Scientists have detected the most powerful cosmic ray seen in more than three decades. But the exact origin of this turbocharged particle from outer space remains a mystery, with some suggesting that it could have been generated by unknown physics.
The puzzling cosmic ray had an estimated energy of 240 exa-electronvolts (EeV; 1018 electronvolts), making it comparable to the most powerful cosmic ray ever detected, aptly named the Oh-My-God particle, which measured at around 320 EeV when it was discovered in 1991. The findings were published today in Science1.
“It’s amazing because you have to think of what could produce such high energy,” says Clancy James, an astronomer at Curtin University in Perth, Australia.
A cosmic ray, despite its name, is actually a high-energy subatomic particle — often a proton — that zips through space at close to the speed of light. In their ultrahigh-energy form, cosmic rays have energy levels that exceed one EeV, which is around one million times greater than those reached by the most powerful human-made particle accelerators. Cosmic rays with energies of more than 100 EeV are rarely spotted — fewer than one of these particles arrives on each square kilometre of Earth each century.
Not a mistake
Toshihiro Fujii, an astronomer at the Osaka Metropolitan University in Japan, stumbled across some bizarre signals on 27 May 2021, while he was doing a routine data check at the Telescope Array, a cosmic-ray detector in Millard County, Utah. The signals suggested that the facilities’ detectors had been smashed with something super energetic, but he was sceptical at first. “I thought there was some sort of mistake or bug in the software,” says Fujii. “I was really surprised.” But measurements were consistent with those produced by ultra-cosmic rays. The scientists nicknamed the particle ‘Amaterasu’, after a Japanese Sun goddess.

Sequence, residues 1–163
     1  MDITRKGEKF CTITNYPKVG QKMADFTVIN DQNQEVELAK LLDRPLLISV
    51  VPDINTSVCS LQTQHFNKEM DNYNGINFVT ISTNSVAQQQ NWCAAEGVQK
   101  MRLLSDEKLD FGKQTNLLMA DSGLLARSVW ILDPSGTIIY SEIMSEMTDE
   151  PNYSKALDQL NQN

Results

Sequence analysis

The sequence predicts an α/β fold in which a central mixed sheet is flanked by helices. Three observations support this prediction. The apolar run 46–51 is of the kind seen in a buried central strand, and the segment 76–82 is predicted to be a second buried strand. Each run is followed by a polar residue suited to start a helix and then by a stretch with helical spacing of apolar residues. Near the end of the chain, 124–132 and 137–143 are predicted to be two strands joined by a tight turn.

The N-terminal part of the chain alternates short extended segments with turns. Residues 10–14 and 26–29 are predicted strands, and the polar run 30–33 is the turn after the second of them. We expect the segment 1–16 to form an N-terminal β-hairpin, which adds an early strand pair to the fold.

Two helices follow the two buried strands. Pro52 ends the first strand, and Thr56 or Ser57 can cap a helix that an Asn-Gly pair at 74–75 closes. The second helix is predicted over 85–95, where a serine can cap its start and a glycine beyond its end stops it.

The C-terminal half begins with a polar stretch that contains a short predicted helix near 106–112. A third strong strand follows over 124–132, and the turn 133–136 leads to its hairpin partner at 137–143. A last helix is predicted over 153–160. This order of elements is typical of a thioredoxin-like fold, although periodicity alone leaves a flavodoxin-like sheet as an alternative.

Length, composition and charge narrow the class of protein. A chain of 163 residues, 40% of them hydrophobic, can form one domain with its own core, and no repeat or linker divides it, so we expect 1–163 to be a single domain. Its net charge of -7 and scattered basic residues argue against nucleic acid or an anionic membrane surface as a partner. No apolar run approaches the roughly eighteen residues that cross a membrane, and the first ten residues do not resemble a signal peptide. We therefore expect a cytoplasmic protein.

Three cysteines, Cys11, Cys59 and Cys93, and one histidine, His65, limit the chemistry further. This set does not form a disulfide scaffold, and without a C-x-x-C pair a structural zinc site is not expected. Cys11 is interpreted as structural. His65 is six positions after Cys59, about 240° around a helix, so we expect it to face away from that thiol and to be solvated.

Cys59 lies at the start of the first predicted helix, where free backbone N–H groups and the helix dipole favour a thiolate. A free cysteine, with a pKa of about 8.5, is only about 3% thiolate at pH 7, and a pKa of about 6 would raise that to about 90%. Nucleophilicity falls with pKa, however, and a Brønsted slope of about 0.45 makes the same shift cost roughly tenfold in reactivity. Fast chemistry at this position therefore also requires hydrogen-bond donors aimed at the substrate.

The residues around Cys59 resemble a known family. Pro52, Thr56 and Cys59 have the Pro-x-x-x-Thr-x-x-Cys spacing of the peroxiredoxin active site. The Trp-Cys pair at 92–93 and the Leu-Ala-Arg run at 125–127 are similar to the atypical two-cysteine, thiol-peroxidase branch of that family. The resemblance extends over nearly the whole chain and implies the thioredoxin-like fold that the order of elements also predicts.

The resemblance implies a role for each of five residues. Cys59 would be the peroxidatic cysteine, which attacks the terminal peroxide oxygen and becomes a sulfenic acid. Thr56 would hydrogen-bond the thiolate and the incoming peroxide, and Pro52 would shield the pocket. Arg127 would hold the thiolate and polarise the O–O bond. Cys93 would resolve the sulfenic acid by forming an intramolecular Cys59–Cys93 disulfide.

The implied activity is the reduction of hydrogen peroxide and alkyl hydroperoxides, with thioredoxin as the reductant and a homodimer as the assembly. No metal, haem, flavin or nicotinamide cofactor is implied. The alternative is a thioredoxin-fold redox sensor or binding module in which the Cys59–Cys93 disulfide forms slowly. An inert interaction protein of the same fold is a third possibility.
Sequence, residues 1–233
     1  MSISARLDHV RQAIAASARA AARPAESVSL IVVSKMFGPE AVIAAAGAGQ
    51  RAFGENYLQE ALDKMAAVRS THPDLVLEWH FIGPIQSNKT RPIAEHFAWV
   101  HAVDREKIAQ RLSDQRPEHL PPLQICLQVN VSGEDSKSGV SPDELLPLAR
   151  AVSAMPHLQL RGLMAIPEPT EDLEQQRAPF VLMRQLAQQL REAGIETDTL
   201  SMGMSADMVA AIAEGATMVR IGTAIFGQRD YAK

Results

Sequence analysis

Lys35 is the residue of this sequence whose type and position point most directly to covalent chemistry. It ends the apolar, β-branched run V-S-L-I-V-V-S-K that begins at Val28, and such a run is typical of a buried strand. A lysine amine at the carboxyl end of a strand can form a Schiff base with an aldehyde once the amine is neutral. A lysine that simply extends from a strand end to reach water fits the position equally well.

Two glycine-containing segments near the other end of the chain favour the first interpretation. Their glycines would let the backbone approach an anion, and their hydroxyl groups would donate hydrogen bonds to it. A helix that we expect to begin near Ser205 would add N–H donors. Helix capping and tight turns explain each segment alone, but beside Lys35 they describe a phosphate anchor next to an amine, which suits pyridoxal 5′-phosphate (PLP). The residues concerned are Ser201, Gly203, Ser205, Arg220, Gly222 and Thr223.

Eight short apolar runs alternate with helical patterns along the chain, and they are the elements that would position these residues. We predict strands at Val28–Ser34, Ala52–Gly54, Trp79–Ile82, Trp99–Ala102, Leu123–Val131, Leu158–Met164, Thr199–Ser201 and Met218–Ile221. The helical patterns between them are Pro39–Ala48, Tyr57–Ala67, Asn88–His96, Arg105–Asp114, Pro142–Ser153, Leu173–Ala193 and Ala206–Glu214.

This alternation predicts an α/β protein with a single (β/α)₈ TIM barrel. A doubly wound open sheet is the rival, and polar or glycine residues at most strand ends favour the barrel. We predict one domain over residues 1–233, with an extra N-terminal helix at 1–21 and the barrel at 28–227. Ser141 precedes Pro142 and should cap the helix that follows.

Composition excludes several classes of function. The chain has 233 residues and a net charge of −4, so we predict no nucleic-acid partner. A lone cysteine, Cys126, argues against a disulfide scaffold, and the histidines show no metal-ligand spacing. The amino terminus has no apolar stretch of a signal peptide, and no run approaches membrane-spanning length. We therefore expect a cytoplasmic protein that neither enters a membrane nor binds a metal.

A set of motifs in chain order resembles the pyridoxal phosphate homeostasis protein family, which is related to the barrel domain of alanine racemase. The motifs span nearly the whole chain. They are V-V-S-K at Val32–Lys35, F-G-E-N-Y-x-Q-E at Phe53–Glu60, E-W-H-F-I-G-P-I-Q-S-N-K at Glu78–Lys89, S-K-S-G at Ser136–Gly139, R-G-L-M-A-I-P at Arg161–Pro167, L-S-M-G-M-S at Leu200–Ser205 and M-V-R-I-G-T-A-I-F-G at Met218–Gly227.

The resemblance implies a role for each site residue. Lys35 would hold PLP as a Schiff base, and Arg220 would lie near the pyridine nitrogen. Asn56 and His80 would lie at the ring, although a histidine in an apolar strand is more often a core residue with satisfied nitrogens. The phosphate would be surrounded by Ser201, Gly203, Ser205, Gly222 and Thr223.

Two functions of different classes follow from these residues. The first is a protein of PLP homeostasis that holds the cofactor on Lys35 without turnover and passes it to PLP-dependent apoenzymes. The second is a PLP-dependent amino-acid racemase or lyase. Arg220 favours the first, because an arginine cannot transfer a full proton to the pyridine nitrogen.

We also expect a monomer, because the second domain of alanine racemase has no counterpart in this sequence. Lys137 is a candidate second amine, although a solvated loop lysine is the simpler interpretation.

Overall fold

But when Fujii and his team tried to pinpoint the source of the energetic spike, they drew a blank. Ultrahigh-energy cosmic rays usually travel through space relatively smoothly, because they don’t bounce off magnetic fields as strongly as low-energy cosmic rays do. This would have made it easy to pinpoint the stellar explosion, black hole or galaxy that it came from.
But Fujii and his team calculated the source of the ray to be in a void-like region where few galaxies reside. To cover all bases, the researchers also tried matching the cosmic ray with possible source galaxies and objects located just outside its arrival direction. But none of them seemed to fit. “There was nothing,” says Fujii.
One explanation could be that the models estimating how magnetic fields influence the course of cosmic rays are off and could require some tweaking, says James. If that’s the case, it’s possible that Amaterasu might have come from a slightly different direction than the team’s calculations suggest. “We think we’ve got good estimates, but maybe we’re wrong,” says James.
Another possibility is that ultrahigh-energy cosmic rays are produced by unknown physical processes that might enable them to travel much vaster distances than previously thought, says Jose Bellido Caceres, an astroparticle physicist at the University of Adelaide, Australia. “It could be new physics,” says Bellido Caceres, who has worked on the Pierre Auger Observatory in Malargüe, Argentina. He adds that cosmic rays offer a testing ground for exploring how particles interact at extreme energies that cannot be produced by accelerators on Earth.
Fujii and his team are in the process of upgrading the Telescope Array to be four times as sensitive as before. This will allow researchers to capture more of these rare ultrahigh-energy cosmic rays and trace their origins more precisely.